iPhone 5 reviews: a design classic, despite spec flaws

Sep 19, 2012

Friendly critics drool over 'arguably the most beautiful object Apple has ever produced'

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THE iPhone 5 reviews are in - and, even though Apple's new flagship handset comes up short in a number of areas, the device has done more than enough to charm the tech journalists.

"This is without a doubt the best iPhone yet. This is a hallmark of design. This is the one you've been waiting for," writes Engadget's Tim Stevens.

The iPhone 5 might look the same as its predecessors, but "the biggest change is impossible to see.

"Pick up the iPhone 5 and you're immediately struck by the reduction in weight. It's 20 per cent lighter than the 4S, a figure that doesn't seem like it would make much of an impact. It does."

Edward C. Baig of USA Today writes: "The iPhone 5 is a winner that should keep Apple at the front of the smartphone pack.

"People have always had lofty expectations for the iPhone 5, especially as the competition stiffens. Apple has met those expectations with a gem."

Apple has taken a different approach regarding screen size to its rivals, some of which have "gargantuan" screens, notes Walt Mossberg on AllThingsD. The iPhone 5 has retained the width of the screen on the iPhone 4S, but made it longer, which makes it more manageable for small-handed people.

"I found the new iPhone screen much easier to hold and manipulate than its larger rivals and preferred it," says Mossberg. "In my view, Apple's approach makes the phone far more comfortable to use, especially one-handed.

It's easier to carry in a pocket or purse and more natural-looking when held up to your face for a call."

A number of reviewers staunchly defend Apple from the criticism that the iPhone 5 lacks key technology ('touch to pay' Near Field Communication, wireless battery recharging, upgradeable memory) found in rival handsets.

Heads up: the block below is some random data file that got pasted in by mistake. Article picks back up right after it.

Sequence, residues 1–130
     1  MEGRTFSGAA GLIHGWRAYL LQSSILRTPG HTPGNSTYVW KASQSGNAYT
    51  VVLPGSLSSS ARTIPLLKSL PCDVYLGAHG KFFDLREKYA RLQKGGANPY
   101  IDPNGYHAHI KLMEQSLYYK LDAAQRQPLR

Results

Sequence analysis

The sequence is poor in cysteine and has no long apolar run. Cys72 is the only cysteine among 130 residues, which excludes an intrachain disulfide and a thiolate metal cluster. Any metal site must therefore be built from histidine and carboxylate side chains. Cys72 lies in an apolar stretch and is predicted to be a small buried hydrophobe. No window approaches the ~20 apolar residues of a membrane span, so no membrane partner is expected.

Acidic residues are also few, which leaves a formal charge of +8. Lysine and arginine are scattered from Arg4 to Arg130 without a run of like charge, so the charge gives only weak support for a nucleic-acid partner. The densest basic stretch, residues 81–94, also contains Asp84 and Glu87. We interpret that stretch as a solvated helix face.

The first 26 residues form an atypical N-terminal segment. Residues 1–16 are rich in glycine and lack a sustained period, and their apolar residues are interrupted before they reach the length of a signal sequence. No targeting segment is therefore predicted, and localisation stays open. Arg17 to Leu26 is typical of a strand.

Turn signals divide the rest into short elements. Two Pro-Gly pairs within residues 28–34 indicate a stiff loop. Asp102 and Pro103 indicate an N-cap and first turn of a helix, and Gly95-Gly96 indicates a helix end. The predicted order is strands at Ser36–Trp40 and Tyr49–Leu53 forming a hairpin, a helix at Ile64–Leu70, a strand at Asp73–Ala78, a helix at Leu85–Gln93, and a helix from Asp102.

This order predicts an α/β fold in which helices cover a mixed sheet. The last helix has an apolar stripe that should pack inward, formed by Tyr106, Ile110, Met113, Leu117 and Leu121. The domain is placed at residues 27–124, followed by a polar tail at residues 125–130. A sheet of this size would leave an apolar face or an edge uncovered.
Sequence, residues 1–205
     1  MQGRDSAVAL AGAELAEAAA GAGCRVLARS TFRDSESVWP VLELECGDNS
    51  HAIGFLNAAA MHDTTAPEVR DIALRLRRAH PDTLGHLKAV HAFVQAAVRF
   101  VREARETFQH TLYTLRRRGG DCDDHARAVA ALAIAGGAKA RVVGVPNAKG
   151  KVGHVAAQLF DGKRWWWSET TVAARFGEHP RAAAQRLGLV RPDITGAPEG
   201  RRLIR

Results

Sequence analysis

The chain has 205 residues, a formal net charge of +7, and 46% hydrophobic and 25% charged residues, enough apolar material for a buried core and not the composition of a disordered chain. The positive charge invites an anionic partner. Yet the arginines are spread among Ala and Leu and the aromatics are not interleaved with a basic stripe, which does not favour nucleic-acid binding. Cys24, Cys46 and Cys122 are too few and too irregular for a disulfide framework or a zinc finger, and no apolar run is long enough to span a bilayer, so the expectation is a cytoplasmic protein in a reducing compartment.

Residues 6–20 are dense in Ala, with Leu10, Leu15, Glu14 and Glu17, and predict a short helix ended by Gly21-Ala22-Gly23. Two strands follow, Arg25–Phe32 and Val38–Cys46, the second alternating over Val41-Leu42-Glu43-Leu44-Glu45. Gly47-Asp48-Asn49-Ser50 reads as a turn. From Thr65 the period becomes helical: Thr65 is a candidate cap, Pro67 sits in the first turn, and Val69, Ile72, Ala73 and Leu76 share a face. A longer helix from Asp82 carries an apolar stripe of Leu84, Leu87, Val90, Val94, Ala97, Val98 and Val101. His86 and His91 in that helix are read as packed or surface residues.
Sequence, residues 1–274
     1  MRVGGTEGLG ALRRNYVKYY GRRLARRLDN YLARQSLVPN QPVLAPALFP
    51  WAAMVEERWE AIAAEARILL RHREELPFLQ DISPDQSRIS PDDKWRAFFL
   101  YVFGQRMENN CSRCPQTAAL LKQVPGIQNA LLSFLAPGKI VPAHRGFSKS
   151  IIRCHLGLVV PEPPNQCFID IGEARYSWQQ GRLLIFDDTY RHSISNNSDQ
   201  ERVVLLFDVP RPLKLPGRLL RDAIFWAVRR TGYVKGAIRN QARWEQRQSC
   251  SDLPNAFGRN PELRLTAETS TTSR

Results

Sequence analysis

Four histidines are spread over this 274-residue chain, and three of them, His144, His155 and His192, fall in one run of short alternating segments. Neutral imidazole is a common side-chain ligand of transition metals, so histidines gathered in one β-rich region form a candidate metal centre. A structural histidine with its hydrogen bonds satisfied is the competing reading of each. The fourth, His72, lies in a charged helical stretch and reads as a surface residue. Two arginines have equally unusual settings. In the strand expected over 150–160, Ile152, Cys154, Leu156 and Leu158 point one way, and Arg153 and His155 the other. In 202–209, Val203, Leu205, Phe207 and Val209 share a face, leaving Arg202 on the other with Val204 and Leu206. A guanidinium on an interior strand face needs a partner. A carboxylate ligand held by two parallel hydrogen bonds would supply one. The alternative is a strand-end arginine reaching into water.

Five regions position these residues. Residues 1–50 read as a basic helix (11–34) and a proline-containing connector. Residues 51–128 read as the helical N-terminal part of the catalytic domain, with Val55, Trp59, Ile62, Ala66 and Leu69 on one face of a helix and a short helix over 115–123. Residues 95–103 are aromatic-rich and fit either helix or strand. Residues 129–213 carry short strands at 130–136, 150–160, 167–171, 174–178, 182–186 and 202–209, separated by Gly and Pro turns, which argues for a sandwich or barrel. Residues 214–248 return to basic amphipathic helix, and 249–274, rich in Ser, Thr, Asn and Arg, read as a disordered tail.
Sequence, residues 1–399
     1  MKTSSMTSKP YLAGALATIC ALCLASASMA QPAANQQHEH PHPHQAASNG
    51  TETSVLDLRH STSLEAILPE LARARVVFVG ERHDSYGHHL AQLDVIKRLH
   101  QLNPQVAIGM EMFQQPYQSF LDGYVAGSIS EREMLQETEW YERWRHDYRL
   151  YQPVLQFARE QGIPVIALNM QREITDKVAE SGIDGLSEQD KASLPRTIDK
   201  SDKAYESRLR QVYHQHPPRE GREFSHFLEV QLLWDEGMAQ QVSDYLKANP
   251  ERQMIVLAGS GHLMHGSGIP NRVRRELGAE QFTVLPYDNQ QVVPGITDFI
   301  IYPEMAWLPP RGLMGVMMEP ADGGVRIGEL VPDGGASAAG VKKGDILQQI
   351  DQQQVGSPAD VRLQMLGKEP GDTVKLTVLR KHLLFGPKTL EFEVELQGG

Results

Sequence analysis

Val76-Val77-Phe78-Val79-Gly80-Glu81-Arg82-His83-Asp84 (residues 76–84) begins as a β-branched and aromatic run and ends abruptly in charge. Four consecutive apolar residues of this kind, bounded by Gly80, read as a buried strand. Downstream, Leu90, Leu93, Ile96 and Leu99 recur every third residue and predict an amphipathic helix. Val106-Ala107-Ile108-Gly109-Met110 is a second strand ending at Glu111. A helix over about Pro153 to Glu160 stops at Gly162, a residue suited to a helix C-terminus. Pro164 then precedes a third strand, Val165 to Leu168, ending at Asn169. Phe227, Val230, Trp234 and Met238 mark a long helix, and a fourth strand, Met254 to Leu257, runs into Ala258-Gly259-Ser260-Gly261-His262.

In The Daily Telegraph, Shane Richmond gives these pesky "specificationists" the brush-off: "In truth it's hard to think of a feature offered elsewhere that the average person - as opposed to the tech obsessive - really needs."

Richmond prefers to focus on aesthetics, saying the iPhone 5 "is a marvellous piece of design, arguably the most beautiful object Apple has ever produced".

The Guardian's Charles Arthur is similarly star-struck (awarding five of them in his review). "In a world dominated by 'specifications' - how fast, how far, how many - many commentators think the Olympics of smartphones is measured, like a race, by how fast you do things. Does this phone run at 1.6 GHz and that one at 1.61GHz? Award the medal!

"What photos and specifications can't tell you is what it's like to hold in your hand. It's only by picking it up [that] you understand what [designer] Sir Jonathan Ive is on about."

Cynics might ask why these reviewers have awarded five stars to a phone that they admit looks almost the same as its predecessor, lacks the high specifications of its rivals, and has introduced a new charger socket, Thunderbolt, which has at a stroke rendered millions of iPhone accessories obsolete.

Business Insider has an answer. Apple is apparently "insanely selective" about who gets to review its products first. "Apple has a handful of journalists with a history of saying positive things about the company that it gives early access to.

"It is important to know that tonight's reviews come from Apple's cherry-picked group of journalists who are more likely to give the iPhone 5 a positive review."

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What a weird, weird blog,should try what business insider done and tone down on the subjectivity, your ponderous assumption about the guardian is highly laughable. I would not have minded if there was any merit in this article but its completely tacky. Wait until friday then judge the reviews, when u can establish your opinion rather than misinterpret another.

I think Apple are greedy, treating us all like lambs to a slaughter. I will to be purchasing no matter how much money or financially well off I am. I always feel like they force-feed us what we need, and not what we want. It's almost as if they're telling us what to do. There are far nicer, more capable innovative devices out there. The forbidden apple doesn't tempt me much. Thanks